Elvis — or his ghost — rocks the joint!
This book gave me an evening of pure entertainment. It’s full of formatting glitches, a typo or two and some grammar miscues, but most of time I was so busy laughing I breezed right on by. Elvis isn’t really dead; he’s in a witness protection program. When he bounds onstage to perform at an Elvis Impersonators show my computer rocks.
Funny though it is, SUSPICIOUS MINDS is a crime novel and Paul Bishop has the bona fides for it. He spent 35 years with the Los Angeles PD, twice winning Detective of the Year awards. Currently he is a Detective III. A prolific writer, he’s the author of three crime fiction series, plus stand-alones. His blog features a collection of vintage Crime Detective book covers.
SUSPICIOUS MINDS was a “trunk book,” a good book that publishers don’t want to take a chance on, so the author puts the manuscript in a trunk for another day. In his Forward, Bishop wrote:
“Some books are just plain fun to write, and so it was with Suspicious Minds — a crazy Elvis conspiracy novel with a character — Cole Ramsey — who stepped onto the page fully formed. … Sometimes, parts of a trunk novel are cannibalized by the writer and dropped into other novels. In a different form, the finale of Suspicious Minds morphed into the finale (without the Elvises) of my novel Chalk Whispers. With the advent of e-books and e-publishing, I wanted to bring Suspicious Minds out of the trunk and into the light of day.”
SUSPICIOUS MINDS, the story —
March 1977, New Orleans, St. Louis Cemetery No. 2: Gordy Fontaine and Lew Sutton, DEA partners, show up for the burial of drug dealer Zachary Arceneaux. Trouble is, there’s someone else in the coffin, while Arceneaux, guarded by two FBI agents, sits in a limousine watching his own funeral.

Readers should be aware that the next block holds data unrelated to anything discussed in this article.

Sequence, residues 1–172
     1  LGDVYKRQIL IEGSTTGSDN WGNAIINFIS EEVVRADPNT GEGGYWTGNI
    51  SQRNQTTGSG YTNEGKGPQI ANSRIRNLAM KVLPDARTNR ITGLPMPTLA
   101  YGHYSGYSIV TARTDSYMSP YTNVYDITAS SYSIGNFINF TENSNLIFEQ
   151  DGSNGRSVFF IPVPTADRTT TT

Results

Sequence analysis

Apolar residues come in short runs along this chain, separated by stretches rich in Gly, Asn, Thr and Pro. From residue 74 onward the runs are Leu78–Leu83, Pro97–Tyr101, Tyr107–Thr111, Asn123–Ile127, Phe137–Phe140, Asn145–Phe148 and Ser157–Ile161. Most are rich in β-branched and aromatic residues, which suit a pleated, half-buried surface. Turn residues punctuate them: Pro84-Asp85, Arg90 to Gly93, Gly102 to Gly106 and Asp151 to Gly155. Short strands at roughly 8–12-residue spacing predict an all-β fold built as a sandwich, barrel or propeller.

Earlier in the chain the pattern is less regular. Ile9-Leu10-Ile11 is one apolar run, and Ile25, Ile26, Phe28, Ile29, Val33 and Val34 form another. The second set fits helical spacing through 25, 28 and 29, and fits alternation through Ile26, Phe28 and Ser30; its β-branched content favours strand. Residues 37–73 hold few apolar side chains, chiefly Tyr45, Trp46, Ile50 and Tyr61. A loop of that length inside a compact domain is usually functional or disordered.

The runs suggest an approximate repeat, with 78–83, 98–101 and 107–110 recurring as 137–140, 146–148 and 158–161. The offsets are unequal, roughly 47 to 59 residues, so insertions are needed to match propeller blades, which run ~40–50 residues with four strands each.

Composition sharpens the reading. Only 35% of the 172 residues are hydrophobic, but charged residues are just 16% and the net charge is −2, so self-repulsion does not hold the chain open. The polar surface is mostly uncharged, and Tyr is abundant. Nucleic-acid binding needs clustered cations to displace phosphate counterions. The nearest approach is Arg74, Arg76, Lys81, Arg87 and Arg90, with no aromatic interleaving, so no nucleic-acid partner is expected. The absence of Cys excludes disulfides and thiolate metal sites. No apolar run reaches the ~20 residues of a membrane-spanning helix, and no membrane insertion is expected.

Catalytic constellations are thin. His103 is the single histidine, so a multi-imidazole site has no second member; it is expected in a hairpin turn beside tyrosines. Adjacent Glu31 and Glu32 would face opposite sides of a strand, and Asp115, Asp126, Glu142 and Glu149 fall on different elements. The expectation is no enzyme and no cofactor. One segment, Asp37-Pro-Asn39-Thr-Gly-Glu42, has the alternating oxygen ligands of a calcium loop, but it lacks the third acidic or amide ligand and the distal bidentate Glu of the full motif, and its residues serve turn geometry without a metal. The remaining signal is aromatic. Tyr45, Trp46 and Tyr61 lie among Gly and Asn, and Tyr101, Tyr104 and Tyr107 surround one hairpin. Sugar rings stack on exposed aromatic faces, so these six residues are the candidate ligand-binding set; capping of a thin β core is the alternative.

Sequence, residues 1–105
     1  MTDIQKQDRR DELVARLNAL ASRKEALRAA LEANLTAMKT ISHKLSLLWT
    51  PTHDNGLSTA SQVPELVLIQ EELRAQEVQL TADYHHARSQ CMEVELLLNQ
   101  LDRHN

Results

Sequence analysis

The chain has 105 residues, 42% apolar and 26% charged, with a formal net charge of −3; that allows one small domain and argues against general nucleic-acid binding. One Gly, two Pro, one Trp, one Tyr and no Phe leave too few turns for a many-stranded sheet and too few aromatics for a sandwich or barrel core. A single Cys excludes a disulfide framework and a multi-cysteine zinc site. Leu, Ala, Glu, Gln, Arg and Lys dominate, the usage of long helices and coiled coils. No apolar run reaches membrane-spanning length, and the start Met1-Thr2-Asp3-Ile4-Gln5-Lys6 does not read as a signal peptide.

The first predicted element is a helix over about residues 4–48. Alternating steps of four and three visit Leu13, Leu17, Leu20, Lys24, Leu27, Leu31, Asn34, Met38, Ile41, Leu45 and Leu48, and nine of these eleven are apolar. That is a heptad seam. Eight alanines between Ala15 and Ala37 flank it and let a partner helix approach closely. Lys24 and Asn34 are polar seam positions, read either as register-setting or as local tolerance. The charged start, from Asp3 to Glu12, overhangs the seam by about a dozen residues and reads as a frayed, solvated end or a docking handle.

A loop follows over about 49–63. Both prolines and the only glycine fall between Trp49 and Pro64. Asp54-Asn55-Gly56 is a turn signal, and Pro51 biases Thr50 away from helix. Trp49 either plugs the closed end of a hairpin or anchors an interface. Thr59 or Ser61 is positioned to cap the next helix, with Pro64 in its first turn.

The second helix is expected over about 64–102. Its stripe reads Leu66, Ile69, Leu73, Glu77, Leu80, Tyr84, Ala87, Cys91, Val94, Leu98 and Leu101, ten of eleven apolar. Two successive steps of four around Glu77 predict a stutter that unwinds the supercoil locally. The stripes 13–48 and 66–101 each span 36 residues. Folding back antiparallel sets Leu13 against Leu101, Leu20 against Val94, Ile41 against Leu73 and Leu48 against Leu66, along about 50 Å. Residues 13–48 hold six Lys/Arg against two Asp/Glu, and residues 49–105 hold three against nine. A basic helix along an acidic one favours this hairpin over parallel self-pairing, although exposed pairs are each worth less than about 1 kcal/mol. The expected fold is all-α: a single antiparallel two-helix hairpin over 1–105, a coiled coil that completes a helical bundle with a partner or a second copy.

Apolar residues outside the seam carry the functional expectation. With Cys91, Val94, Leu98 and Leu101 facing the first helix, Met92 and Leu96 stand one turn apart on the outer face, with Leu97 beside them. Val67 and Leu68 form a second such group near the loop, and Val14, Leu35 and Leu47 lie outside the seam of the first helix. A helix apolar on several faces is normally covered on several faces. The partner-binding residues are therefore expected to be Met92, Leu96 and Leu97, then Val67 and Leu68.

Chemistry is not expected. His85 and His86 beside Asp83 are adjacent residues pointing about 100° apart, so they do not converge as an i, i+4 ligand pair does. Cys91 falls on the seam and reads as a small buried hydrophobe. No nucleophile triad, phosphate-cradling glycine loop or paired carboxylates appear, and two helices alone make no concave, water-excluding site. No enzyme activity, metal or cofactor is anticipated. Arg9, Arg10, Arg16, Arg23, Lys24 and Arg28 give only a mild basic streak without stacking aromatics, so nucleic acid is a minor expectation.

As the coffin is lowered, Gordy jumps on top of it and unscrews the lid, revealing the wrong corpse. The traditional jazz band strikes up like all heck breaking loose and in the melee an FBI agent is shot in the leg. It’s a wild shot from the limo but Gordy gets the blame and goes on the lam.
June 1977, an arena in Indianapolis: Gordy buys a ticket to an Elvis concert. They’ve been friends ever since Elvis showed up at a DEA office wanting to help in the war on drugs. Gordy meets Elvis in his limo after the concert. The wheels begin to turn.
August 1977, Graceland, Memphis: Outside the Graceland gates, a man runs through a crowd of weeping mourners yelling that Elvis is not dead; it’s a hoax. Nobody pays him any attention. Of course Elvis is dead. It was on radio and TV.
April 1996, West Hollywood, California: Cole Ramsey, a popular Elvis impersonator, gets a call from his sister, Joella, a deputy at West Hollywood Station. She wants him to find a safe place for a straggler who claims to be Elvis Presley. He looks like death warmed over and is asking for a DEA detective named Gordon Fontaine. He has no ID and there’s no DEA agent named Gordon Fontaine, but there is something about the straggler … if Cole would just check him out …
Cole is a talented and affable young man with many friends. He calls in some favors that lead him to a sanitarium. So far, so good, but it’s a set-up, and the chase is on. Gordy Fontaine has that evil old thug Zachary Arceneaux in his sights. And Elvis … well, that would be telling. The ending is a pip.
This is one of the funniest books I ever read. I know … I know… I’m easily entertained, but I can’t help laughing when I read lines like this:
**”Cole didn’t just march to a different drummer he boogied with a whole different orchestra.”
**”It was a good scam, but it was being wasted on a guy who if you blew in his ear would thank you for the refill.”
The story’s the thing in this book. It grabbed me from the beginning and never let go.